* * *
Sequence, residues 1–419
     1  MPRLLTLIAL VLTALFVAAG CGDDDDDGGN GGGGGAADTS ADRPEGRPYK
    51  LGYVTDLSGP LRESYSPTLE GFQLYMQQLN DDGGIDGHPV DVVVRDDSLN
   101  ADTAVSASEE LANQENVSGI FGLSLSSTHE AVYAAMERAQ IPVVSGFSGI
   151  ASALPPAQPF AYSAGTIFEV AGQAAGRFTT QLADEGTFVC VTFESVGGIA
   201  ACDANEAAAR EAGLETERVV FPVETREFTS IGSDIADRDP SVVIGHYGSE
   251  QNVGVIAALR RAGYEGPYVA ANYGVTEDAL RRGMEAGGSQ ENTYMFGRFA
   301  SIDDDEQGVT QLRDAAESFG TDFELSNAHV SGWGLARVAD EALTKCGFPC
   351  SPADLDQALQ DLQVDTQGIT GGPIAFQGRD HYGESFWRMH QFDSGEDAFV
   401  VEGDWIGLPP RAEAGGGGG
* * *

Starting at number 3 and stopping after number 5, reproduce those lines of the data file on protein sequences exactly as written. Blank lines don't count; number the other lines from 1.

    51  LGYVTDLSGP LRESYSPTLE GFQLYMQQLN DDGGIDGHPV DVVVRDDSLN
   101  ADTAVSASEE LANQENVSGI FGLSLSSTHE AVYAAMERAQ IPVVSGFSGI
   151  ASALPPAQPF AYSAGTIFEV AGQAAGRFTT QLADEGTFVC VTFESVGGIA